By BETH MELTON and DENNIS DOUGHERTY

For Colorado’s coal communities and workers, ensuring that the workers who have powered our grid for generations are taken care of as we transition from fossil fuels to clean energy isn’t just a goal — it’s an absolute necessity to keep families afloat.

That’s why, after years of engagement through the state’s Just Transition Advisory Committee, leaders in the Colorado Legislature have set aside between $10 and $15 million in stimulus funding to begin this essential work as part of the Colorado Recovery Plan.

While this early, one-time investment won’t be enough to address all of the economic uncertainty in our communities, it’s enough to get started on some of the most important priorities and plan for future community needs.

This funding could not have come at a better time. We know firsthand the hardships our communities and workers will face in the wake of plant closures across our state. These changes are coming whether we like them or not, and it’s everyone’s responsibility to support the workers and communities that are impacted by changing regulations and market forces.

That’s why we’ve spent countless hours over the past two years working to develop a Just Transition Action Plan, and why we feel so strongly about securing and properly spending this new state funding directly in coal communities. Our top priorities are equipping community leaders with the resources and staff they need to do impactful economic development work, and giving impacted workers the job skills they need to land new union jobs, paying the same or better wages than they’re earning now, with critical health insurance and retirement benefits.

We also have to expand opportunities for workers who are interested in new training. We’ve heard loud and clear that many coal workers in our communities like their jobs — they worked hard to get where they are today, and they want to stay in this sector for as long as possible. We’ve also heard from workers who are interested in learning new skills, especially as they experience uncertainty amid coal closures, and workers who know that staying in the industry may mean leaving the community they love. They want to learn new skills that help them stay in place. These workers want to make sure they can provide for their families in the long run, and that means finding new jobs that provide the same opportunities and wages they have now.

To provide workforce training opportunities that facilitate stable, family sustaining work, we’ve got to focus on apprenticeships and programs that see the highest retention rates and train for the usable skills we know employers expanding or locating in our communities need. We can’t wait for coal workers to lose their jobs to get them prepared for the next opportunity, and we’ve got to make sure they’re prepared for the job openings that will emerge in their community in the years to come.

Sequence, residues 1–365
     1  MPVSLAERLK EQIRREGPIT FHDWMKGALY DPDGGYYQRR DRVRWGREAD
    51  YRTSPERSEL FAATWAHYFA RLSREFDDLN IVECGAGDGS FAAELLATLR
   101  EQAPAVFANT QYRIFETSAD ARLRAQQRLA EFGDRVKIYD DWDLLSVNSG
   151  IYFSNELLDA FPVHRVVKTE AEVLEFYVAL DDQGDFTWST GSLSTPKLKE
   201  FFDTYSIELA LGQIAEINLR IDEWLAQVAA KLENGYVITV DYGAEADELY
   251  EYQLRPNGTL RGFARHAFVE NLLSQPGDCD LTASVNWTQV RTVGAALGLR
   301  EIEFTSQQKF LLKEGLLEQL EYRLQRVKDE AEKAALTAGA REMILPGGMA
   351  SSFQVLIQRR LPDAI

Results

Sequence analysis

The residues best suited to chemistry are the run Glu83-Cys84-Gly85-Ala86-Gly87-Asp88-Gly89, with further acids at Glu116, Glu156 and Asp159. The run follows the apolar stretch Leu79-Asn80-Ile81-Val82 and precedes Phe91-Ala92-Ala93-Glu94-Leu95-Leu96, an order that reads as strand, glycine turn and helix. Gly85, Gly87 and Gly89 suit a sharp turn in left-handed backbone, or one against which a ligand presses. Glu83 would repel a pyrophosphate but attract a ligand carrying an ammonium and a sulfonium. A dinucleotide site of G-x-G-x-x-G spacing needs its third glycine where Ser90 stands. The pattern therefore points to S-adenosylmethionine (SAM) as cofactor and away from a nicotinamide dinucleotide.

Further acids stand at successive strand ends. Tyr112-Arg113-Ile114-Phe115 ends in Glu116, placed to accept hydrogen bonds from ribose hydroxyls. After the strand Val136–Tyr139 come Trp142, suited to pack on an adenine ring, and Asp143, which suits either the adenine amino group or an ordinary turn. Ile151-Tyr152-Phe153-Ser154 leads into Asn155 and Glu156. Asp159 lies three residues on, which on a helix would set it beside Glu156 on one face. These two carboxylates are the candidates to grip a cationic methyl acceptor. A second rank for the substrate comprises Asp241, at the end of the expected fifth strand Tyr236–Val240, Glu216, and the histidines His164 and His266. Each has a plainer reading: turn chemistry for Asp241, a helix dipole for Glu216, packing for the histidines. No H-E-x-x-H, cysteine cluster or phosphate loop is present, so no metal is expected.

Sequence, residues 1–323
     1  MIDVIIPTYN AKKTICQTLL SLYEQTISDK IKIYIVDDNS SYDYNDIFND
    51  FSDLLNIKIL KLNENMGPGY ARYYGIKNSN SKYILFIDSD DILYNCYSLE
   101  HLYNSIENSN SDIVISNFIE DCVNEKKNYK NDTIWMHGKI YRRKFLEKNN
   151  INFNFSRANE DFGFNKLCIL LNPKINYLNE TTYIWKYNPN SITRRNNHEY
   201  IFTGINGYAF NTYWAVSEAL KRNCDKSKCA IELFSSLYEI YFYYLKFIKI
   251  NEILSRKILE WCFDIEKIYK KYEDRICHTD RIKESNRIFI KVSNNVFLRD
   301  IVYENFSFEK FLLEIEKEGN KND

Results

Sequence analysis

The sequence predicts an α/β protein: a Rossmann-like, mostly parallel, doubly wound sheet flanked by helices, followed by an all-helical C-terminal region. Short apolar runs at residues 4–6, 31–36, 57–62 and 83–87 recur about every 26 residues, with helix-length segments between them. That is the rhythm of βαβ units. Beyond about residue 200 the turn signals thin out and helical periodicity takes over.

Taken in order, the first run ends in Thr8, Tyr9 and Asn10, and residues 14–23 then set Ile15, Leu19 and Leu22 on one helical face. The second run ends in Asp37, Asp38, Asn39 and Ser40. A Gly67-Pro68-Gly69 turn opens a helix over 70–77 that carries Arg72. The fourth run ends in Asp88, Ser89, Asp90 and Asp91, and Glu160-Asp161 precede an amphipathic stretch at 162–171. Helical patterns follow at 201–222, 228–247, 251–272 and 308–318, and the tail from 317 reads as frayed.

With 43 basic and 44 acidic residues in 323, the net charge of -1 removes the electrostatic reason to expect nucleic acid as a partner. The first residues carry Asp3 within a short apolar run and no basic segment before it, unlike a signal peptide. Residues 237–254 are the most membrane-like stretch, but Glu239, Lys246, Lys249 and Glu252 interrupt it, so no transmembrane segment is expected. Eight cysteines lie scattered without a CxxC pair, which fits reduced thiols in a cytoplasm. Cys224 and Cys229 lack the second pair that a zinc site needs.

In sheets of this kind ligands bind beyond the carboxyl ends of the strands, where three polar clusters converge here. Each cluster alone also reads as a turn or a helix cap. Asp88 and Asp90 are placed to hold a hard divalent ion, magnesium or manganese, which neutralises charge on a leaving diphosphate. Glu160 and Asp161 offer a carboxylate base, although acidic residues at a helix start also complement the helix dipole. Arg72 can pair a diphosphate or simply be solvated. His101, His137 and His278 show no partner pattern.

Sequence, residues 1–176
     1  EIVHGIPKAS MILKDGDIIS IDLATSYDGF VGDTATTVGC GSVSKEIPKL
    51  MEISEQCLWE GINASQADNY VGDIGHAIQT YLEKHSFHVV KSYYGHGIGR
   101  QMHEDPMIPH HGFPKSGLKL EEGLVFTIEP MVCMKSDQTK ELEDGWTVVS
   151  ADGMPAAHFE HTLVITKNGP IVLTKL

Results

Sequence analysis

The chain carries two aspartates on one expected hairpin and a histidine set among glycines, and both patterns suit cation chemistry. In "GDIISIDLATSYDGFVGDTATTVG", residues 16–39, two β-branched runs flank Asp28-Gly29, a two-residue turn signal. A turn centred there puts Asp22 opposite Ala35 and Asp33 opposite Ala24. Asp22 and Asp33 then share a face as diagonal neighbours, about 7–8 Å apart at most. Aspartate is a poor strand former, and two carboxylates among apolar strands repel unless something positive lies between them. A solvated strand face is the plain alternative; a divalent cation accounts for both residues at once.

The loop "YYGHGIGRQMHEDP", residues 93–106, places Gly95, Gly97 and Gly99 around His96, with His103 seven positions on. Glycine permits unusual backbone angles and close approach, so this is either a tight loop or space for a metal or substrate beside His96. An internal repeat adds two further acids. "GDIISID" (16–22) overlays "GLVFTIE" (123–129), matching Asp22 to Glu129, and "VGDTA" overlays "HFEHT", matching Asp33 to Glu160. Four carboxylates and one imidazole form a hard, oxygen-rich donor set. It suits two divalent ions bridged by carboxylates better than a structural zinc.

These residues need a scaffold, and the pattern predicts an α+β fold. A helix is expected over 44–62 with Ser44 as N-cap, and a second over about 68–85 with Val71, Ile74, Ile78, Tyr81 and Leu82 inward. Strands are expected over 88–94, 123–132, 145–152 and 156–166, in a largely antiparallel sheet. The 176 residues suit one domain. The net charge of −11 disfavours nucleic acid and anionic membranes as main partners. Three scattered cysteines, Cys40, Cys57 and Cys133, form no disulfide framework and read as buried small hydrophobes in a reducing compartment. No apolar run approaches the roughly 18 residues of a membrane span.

Our communities also need an opportunity to invest in the physical and social infrastructure necessary to attract new businesses and maintain or improve our quality of life to keep our communities vibrant places to raise a family.

The expansion of broadband is another critical investment to bring educational opportunities, remote work possibilities, and global commerce to every Coloradan, especially those living in rural areas. These broadband expansions have a high payoff: when we bring our communities online with the same speed internet as Denver, that’ll be a long-term benefit, and smart investment. This support is critical as the hardest-hit communities look to build back stronger and more connected than ever before, especially given the disruption and uncertainty of the COVID-19 pandemic.

As we continue to explore these priorities and others, let’s stay engaged in the conversation so that every community in Colorado has the tools to provide a great quality of life and high-quality jobs to our residents. This funding is a critical first step in investing in the future of workers and communities that have served Colorado’s power needs for generations, and we also need to think about what’s next. We want to hear about your needs and hopes, about the programs you wish you had, and the problems you’re hoping to leave in the past. You know your communities best, and we need your expertise to succeed.

Routt County Commissioner Beth Melton and Dennis Dougherty, executive director for the Colorado AFL-CIO are the chair and vice-chair of the Colorado Just Transition Advisory Committee.